Quadriplegia, also known as tetraplegia is defined as “paralysis of four limbs”. Quadriplegia is caused by damage to the brain or the spinal cord at a high level (C1 – C7 – in particular). The primary cause of quadriplegia is a spinal cord injury, but other conditions such as cerebral palsy, multiple sclerosis, amyotrophic lateral sclerosis, and strokes can cause a similar-appearing paralysis. A major spinal cord injury may interfere with breathing as well as with moving the arms and legs. However, a patient with complete quadriplegia has no ability to move any part of the body below the neck; some people do not even have the ability to move the neck.
Most spinal cord injuries are caused by accidents, such as car crashes, falls, and sports injuries. Risk factors that put you at risk for quadriplegia include:
- Jobs or sports activities that increase your chances of spinal injury (high-risk sports, such as football, rugby, diving, ice hockey, and skiing)
- A family history of certain inherited nerve diseases
- History of cancer (which can cause compression of the spinal cord)
Quadriplegia can cause a number of complications, these include:
Bed sores – When you are unable to move for long periods of time, pressure from the weight of the body can cause your skin to break down and develop sores. If you have quadriplegia, you are at greater risk of developing bed sores, because you cannot shift your body weight on your own.
Loss of bladder and bowel control – Because the spinal cord nerves control the function of the bladder and bowels, people with quadriplegia have various degrees of loss of control in this area. Without management, these problems can lead to urinary tract infections and constipation.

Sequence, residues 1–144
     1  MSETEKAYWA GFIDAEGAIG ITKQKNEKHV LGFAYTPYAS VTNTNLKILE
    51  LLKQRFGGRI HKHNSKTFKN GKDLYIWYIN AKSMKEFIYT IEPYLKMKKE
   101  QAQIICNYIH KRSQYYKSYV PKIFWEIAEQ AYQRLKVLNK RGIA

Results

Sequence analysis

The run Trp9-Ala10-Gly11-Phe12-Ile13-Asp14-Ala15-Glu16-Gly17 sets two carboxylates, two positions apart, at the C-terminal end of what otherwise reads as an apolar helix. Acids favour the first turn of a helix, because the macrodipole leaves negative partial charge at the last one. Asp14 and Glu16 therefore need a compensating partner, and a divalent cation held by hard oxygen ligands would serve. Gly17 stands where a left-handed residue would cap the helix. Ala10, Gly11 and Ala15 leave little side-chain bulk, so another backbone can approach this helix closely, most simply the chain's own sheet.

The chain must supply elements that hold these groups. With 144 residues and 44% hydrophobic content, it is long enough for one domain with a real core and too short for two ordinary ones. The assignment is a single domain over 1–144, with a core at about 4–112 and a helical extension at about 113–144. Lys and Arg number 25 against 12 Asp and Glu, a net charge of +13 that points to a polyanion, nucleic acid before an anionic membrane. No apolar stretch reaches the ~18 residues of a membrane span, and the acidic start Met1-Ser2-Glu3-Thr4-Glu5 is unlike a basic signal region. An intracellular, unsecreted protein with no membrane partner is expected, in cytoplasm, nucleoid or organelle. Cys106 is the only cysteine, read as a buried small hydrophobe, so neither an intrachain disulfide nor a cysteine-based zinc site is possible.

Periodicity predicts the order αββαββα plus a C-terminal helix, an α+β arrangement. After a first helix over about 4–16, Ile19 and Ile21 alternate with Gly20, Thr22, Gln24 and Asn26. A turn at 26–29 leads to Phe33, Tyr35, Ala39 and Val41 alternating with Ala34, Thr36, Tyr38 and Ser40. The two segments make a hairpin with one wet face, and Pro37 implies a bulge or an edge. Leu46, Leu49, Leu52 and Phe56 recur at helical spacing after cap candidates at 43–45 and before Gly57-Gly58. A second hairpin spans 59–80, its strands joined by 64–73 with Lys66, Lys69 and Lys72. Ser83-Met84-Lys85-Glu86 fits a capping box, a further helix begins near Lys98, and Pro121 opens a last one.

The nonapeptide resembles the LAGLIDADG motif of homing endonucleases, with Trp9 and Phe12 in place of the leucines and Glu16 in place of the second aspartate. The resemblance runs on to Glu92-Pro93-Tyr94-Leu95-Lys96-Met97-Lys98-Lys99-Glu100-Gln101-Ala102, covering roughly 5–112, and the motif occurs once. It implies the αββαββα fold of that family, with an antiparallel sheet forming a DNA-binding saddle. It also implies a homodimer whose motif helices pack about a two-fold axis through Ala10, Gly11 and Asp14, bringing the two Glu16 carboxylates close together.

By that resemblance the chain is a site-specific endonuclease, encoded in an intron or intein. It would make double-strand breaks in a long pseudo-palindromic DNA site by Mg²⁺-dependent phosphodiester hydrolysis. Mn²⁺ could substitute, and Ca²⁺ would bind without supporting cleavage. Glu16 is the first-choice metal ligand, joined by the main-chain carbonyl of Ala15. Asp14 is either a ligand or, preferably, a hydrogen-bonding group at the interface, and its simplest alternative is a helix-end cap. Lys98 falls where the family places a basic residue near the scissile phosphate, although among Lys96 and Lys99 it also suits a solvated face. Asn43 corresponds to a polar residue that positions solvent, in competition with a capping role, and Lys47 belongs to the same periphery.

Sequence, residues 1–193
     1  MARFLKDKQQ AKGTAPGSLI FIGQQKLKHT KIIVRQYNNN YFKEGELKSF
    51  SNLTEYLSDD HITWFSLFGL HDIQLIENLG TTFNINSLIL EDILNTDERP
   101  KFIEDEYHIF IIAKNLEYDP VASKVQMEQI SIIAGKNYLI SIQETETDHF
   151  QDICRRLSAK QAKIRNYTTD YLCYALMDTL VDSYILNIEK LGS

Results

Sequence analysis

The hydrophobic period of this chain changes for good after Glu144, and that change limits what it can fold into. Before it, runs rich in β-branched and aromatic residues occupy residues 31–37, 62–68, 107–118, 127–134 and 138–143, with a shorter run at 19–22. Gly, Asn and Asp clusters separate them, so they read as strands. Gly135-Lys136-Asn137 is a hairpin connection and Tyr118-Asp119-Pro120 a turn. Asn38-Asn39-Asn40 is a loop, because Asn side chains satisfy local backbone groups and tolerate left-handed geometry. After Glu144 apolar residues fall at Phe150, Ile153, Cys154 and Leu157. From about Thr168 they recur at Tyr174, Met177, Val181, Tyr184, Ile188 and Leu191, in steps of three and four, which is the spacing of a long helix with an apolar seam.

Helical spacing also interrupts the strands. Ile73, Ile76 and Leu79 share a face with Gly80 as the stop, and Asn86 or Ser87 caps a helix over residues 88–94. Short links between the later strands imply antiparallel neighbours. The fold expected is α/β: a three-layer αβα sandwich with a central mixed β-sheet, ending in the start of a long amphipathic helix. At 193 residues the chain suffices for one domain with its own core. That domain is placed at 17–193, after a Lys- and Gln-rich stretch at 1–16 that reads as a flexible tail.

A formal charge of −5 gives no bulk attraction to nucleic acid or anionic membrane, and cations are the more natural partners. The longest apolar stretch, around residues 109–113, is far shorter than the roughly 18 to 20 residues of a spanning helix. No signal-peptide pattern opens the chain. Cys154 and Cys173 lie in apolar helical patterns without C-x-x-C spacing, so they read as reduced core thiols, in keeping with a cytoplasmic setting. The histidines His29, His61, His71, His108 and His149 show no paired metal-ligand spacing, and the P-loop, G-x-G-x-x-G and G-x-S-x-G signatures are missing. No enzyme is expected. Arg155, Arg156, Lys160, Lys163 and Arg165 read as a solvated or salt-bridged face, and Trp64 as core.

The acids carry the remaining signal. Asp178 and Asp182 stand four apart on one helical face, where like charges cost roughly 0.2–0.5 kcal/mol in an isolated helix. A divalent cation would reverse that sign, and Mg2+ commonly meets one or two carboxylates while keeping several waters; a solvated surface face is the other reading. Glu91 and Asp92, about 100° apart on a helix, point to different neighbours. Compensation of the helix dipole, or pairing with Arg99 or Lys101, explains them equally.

Blood clots – When you have quadriplegia, your blood circulation slows down since you are unable to move. This can cause blood clots to develop. Blood clots are not always easy to spot. They can develop deep within the muscle veins (a condition called deep vein thrombosis). An artery in the lungs can also be blocked by a clot (pulmonary embolism). Both of which can be fatal. Blood thinners, support hose, and special inflatable pumps placed on the legs may also be used to increase circulation.
Related injuries – People with quadriplegia may experience injuries such as burns without realizing it (since there is no sensation in the arms and legs).
Respiratory problems – The nerve signals to the diaphragm may be weakened, making breathing on your own difficult or impossible. If your diaphragm is paralyzed, you will be intubated and placed on a ventilator. People with quadriplegia are at increased risk for pneumonia and other respiratory infections.
Chronic Pain – Although people with quadriplegia may not feel external sensations, it is possible to feel pain in your arms, legs, back, and other areas that do not respond to external stimuli. Pain medications prescribed by your doctor can relieve the pain.
Spastic limbs – Some people with quadriplegia experience muscle spasms which cause limbs to jerk. This is a symptom of the damaged spinal cords’ inability to properly relay remaining nerve signals to the brain.
Autonomic dysreflexia – This problem can affect people with spinal cord injuries located above the middle of the chest. This means that irritation or pain below the site of your injury may send a signal which will not reach the brain but will cause a nerve signal that disrupts your body’s functions. As your heart rate drops, your blood pressure may rise, putting you at risk for a stroke.
Immediate treatment of spinal cord injuries includes bracing the spine to keep it from moving and further injuring the spinal cord. Steroids and other medications may be used to lessen damage to nerves and nearby tissue. During this time, patients are often fitted for mobility aids such as wheelchairs. For most quadriplegics, the majority of their recovery happens within the first year.
Case Management is one of the most important steps a family can take in dealing with quadriplegia. Because of the intense nature, many resources, professionals, appointments, accommodations, and decisions are presented to the family. Families can easily become overwhelmed. With a Case Manager next to their side, they will have a professional able to not only make detailed plans but to help ease the burden.
Feinberg Consulting has been helping families with quadriplegia since 1996. Our company understands the challenges and can bring life back to a more manageable normal. Families should be able to focus on what matters most: providing love and support to each other. We can coordinate the care and advocate for you.
Call us at 877.538.5425 to discuss how case management can help you.